Looking for someone who will look out for your kid's health during the school day? Look no further than the registered dietitian nutritionist (RDN). As food service directors and nutrition specialists, RDNs across the country are doing great things to ensure kids eat healthful meals at school. Although new meal standards, set forth by the U.S. Department of Agriculture, went into effect July 1, 2012 requiring more fruits, vegetables, whole grains and less sodium, school based RDNs were already employing innovative techniques (from salad and taco bars to fruit-and-yogurt parfaits) to entice kids to eat right.
Look to an RDN for Expertise
RDNs are crucial to school meal programs because they have the nutrition expertise and "vision to create a healthy food climate in the cafeteria that engages students not only in eating healthy, but in developing healthy behaviors," says Dona Richwine, MS, RDN, Nutrition Specialist for Santa Monica Malibu (Calif.) Unified School District. Debbi Beauvais, RDN, SNS, Director of School Nutrition for Gates Chili & East Rochester Schools (New York) and Spokesperson for the Academy of Nutrition and Dietetics concurs, "Schools are a good venue to model good eating behaviors for kids."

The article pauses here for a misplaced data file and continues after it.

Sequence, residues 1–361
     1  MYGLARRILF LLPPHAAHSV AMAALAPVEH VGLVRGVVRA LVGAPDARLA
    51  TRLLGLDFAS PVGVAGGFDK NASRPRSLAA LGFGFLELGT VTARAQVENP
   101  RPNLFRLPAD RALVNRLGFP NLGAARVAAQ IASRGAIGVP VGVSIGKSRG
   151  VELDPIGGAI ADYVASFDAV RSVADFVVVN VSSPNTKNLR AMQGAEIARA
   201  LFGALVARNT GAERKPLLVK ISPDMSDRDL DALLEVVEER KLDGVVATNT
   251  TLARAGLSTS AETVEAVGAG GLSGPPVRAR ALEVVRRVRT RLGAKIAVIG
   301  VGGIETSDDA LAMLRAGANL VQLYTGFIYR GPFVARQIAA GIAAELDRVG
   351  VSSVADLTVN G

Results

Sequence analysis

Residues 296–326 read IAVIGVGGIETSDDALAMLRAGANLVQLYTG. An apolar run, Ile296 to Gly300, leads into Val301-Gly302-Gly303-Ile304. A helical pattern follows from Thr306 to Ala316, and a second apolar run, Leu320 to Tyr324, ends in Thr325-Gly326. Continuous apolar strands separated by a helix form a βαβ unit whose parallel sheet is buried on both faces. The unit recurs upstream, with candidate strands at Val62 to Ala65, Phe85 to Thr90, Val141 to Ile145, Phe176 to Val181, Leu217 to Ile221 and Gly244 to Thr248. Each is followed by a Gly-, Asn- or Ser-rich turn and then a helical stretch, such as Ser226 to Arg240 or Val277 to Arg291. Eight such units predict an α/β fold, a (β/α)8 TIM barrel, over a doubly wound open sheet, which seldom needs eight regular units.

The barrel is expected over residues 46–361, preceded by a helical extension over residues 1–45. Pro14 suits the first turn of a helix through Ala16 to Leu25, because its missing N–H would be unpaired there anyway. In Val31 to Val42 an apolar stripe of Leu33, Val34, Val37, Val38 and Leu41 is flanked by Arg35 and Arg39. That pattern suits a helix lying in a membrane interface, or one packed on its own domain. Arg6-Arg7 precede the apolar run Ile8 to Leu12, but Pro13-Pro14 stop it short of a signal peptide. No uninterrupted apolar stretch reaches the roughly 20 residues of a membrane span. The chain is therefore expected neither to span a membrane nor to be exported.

Healthier Menu Options
Beauvais' mission is to provide healthy menu items for the 75 percent of her students who choose the school cafeteria over brown-bagging it. But, Beauvais says, "It's not nutrition unless they eat it." Beauvais finds that students make healthier choices with her "made fresh for you" and taco bar programs. "Children tend to consume more vegetables when they can add them. They pick more variety."
Richwine agrees; for over 10 years she's been getting kids excited about produce with a farmers' market salad bar. Richwine says the favorite part of her job is to watch students walk away with their plates piled high with fruits and veggies. Schools are now also providing healthier versions of some of kids' favorites. In Beauvais' schools, chicken nuggets are baked with whole grain breading, and are lower in fat and sodium than typical restaurant versions. A healthier pizza comes with low-fat mozzarella and a whole grain crust. Leaner versions of hamburgers and hot dogs are served on whole grain buns.